The retail industry would be best served using this kind of technology, now knowing that the restaurant niche has been wildly successful implementing these kinds of strategies for years. Both of these sectors are at the forefront of a breakthrough.

Play with the synonyms. Move them around. Every sentence should flow.

 

3. {Make Lists}

_listIf you want to write a blog post quickly that gets lots of hits and shares, give readers a list to browse and put a FREE printable with it. Why, you ask?
1) These kinds of posts are fun to write.
2) They provide actionable information fast.
3) They write quicker than your average post.

I did a blog post called 9 Things You’ll Regret When You’re Older. It got more hits and shares than any post I’ve written yet. It also gave me lots of opt-ins on my site, which was nice. And it took me no time at all to put together.

 

4. {Read Outloud}

read outloudHow do you know if your post flows? You probably read your posts in your head when you look for mistakes or clunky language. I encourage you to READ YOUR COPY OUT LOUD.

I don’t pay anyone to copy edit my own personal posts. But I do pay them to copy edit other big works. So in order to deliver the most effective posts with minimal error, I read my copy out loud. I catch a LOT of mistakes this way.

(For example, the last sentence above started out, I ready my copy out loud….I didn’t catch that I wrote READY instead of READ until I actually read this post out loud to myself.)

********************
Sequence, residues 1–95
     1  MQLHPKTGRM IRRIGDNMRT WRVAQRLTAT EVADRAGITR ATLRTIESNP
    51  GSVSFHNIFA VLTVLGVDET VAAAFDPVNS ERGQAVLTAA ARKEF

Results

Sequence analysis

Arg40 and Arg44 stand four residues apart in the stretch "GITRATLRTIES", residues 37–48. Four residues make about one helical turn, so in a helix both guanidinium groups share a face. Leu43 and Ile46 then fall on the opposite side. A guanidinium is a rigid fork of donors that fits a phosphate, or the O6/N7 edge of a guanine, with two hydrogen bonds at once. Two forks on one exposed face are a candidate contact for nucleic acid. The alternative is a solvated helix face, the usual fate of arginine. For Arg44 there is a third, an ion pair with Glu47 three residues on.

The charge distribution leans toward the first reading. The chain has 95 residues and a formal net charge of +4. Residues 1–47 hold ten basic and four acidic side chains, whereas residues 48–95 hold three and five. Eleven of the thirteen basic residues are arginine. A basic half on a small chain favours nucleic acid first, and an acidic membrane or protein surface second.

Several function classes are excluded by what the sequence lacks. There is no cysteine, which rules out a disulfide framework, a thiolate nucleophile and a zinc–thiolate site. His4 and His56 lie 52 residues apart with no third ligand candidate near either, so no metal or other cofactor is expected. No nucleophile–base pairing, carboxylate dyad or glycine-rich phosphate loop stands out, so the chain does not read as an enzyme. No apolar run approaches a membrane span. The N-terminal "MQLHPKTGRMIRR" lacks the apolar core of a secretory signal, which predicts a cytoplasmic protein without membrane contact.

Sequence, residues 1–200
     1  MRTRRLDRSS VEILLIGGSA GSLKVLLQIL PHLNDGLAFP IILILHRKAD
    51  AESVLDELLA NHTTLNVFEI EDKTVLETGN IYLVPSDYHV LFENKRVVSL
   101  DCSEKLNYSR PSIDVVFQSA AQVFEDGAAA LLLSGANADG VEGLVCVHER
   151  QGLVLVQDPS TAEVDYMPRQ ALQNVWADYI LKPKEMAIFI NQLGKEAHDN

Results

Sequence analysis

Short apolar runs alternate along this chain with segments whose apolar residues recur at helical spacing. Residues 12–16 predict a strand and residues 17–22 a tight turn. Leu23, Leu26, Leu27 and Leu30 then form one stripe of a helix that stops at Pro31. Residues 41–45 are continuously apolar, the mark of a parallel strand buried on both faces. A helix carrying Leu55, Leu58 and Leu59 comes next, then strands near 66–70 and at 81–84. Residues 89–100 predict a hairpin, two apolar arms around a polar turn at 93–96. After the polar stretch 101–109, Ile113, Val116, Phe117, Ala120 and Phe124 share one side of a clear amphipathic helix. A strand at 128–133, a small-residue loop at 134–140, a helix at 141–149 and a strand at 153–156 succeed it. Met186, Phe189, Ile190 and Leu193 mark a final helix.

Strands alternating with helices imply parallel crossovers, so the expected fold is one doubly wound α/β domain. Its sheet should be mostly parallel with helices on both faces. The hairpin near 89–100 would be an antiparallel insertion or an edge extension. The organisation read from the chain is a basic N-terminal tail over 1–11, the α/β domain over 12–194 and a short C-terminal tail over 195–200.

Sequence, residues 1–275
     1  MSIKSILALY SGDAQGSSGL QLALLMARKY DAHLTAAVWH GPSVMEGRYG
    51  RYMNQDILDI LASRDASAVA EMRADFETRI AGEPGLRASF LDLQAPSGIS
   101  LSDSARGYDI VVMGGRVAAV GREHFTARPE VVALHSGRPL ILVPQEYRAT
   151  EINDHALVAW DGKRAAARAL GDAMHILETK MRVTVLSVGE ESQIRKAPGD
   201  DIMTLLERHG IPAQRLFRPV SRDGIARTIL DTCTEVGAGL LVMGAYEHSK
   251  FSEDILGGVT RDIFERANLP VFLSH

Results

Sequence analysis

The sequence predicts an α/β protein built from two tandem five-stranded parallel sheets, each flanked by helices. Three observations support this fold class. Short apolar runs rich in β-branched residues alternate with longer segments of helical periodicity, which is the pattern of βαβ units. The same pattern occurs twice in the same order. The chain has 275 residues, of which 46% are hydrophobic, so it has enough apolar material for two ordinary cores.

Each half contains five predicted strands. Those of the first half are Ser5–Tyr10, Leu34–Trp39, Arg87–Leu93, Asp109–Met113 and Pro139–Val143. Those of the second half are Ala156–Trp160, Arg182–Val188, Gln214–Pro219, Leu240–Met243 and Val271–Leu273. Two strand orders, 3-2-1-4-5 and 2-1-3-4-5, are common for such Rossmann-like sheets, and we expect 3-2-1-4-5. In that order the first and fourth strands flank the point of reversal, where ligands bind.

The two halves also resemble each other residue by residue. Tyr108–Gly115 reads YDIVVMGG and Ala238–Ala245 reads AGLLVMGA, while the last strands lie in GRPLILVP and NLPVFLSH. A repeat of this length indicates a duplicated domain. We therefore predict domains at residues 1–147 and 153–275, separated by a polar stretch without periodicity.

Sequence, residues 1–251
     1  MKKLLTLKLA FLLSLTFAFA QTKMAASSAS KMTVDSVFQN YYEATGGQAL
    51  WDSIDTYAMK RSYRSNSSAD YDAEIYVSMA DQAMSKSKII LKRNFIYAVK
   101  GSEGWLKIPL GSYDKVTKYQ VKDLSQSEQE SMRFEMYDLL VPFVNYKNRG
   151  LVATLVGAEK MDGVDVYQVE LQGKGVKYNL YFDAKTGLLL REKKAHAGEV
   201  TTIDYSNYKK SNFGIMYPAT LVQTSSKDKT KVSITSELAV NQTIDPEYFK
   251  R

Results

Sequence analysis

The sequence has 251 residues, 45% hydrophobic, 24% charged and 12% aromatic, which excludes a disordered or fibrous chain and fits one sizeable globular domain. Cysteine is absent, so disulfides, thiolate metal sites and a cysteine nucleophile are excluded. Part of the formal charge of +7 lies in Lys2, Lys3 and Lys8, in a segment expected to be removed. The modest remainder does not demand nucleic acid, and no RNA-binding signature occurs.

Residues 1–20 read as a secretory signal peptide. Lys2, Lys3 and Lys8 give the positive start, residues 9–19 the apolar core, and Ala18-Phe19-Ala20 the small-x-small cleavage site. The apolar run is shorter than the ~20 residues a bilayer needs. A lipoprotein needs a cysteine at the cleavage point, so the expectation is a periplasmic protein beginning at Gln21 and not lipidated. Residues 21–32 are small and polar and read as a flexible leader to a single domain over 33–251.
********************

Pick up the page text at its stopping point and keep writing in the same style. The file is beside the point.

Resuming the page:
I read out loud and slowly, like a 4th grader might. When I do this I catch articles I missed or participles I should have used.

I also use Grammarly to catch any misspellings or other grammatical errors.

By reading out loud and using a tool like Grammarly, you save yourself tons of time by not having to read your copy over and over again.

 

{in a word…}

googleYou can find virtually ANYTHING on the Internet today. ANY kind of information you seek exists. That’s why the research as you go method works so very well. I’ve started writing posts that have changed for the better, simply because I use these tips.  

Your time is precious. You need to make every minute count so every dollar counts. Having said that, never compromise the integrity of your research or your writing just to skate through something. That’s not what this is about. 

There will be times you will have to research something more thoroughly. These tips aren’t a replacement for that process. But they can help you write a great blog post in less time without compromising quality.

What tips can you offer to write a blog post quickly? To write any kind of content quickly?

 

Joleene Moody is a former television reporter and anchor turned freelance writer, blogger, and speaker, based in Central New York.
(No, not New York City. Not even close. 🙂
 )
Learn more at 
www.takeyourvoiceback.com